Today, I am trading blogs with Laura Candler of Corkboard Connections! You can read her insightful post about cooperative math problem solving right here and then hop on over to Corkboard Connections to read my post about task cards.
Cooperative learning can transform a classroom, but it does take a bit of trial and error to be successful. When I was first trained, I used cooperative learning every day, in every subject, and my students and I were having a terrific time! But then came the big state test! Oops! I discovered that as a result of working together all the time, my students lacked confidence in their ability to work on their own. It was an eye-opening experience for me, and I had to step back and reevaluate my teaching methods.
I realized that the missing piece of the puzzle was providing time for students to work alone before working with a partner. This step was especially critical in math, because the process of struggling with a problem and trying different strategies can lead to new insights and understandings. If we ask students to immediately turn and talk to a partner, we’re depriving them of the chance to figure it out on their own.
To address this need, I developed the Cooperative Problem Solving (CPS) strategy, which has four important steps. If you use CPS more than once on a given day, then it occurs in a cycle.
Steps of Cooperative Problem Solving
- Teacher Presents the Problem: Display a math problem on the board, hand out a worksheet, or ask students to turn to a problem in the math book. Read the problem aloud or ask them to read it silently. You’ll find free Daily Math Puzzler worksheets on my Problem Solving page that would work well for this activity. Have students begin with the first problem on the worksheet.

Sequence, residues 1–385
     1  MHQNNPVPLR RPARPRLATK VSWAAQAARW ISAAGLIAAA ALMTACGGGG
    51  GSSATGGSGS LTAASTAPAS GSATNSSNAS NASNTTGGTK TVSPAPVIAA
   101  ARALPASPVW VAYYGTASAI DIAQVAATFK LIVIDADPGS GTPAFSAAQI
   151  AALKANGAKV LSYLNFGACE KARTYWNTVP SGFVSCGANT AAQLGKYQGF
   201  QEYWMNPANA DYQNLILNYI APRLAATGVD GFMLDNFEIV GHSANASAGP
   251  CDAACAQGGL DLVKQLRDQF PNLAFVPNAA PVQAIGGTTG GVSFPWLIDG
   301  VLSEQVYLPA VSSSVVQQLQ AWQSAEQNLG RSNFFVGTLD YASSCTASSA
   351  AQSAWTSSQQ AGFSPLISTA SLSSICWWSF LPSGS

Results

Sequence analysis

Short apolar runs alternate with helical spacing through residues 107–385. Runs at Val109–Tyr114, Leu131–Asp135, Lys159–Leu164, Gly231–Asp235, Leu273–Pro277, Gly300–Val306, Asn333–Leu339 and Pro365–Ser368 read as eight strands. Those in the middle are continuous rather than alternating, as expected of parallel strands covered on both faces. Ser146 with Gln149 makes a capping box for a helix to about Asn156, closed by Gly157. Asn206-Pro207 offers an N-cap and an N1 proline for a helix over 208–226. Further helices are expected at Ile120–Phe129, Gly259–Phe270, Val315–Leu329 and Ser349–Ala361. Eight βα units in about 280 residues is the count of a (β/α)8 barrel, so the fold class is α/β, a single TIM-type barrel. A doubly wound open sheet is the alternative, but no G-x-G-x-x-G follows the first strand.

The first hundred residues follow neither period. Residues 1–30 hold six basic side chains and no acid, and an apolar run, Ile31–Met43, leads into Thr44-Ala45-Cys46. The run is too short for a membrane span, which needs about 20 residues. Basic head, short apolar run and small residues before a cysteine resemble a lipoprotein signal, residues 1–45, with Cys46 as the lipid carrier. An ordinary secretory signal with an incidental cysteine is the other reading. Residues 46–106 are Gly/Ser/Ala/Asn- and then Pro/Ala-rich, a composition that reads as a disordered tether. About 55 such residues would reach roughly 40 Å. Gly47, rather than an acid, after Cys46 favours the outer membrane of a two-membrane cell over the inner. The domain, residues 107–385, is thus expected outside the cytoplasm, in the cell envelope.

- Students Work Alone: Ask students to work the problem alone, preferably on dry erase boards so they can easily erase their work and try different strategies. They turn their boards face down when they have a preliminary answer or you tell them that time is up.
- Students Work Together: Students compare and discuss answers with a partner or with a team. I generally prefer partner work in math, but if the problem is really challenging, then I allow the entire team to talk it over and work it out together. If students realize that their answer was wrong, they may change it, but they must show the work to go with their new solution. They don’t all have to agree, but each person should be prepared to explain his or her answer.
- Class Discusses Solutions: Reveal the answer to the class and call on students to share how they solved the problem. Instead of focusing on a single “right” way, challenge your class to come up with as many ways to solve it as possible. Allow different students to hold up their dry erase boards or place them under a document camera as they explain their solutions. If students are required to record an answer in a journal or on a worksheet, allow time to do this now, without talking to anyone.
- Repeat steps 1-4: If time allows, complete the entire sequence with another math word problem.
Even if your students record the answers on a worksheet, the answers are not a true assessment of their skills. You still need to assign independent math problems on a regular basis. Doing so holds students accountable, not only for completing the work but also for learning the skill. For more problem solving strategies and information, read my blog post on this topic on Corkboard Connections. You’ll find a link there to a free webinar on Daily Math Problem Solving.
Do you use cooperative learning in your math class? What are your favorite strategies? Do you think it’s possible to do too much cooperative learning? I’d love to hear your thoughts!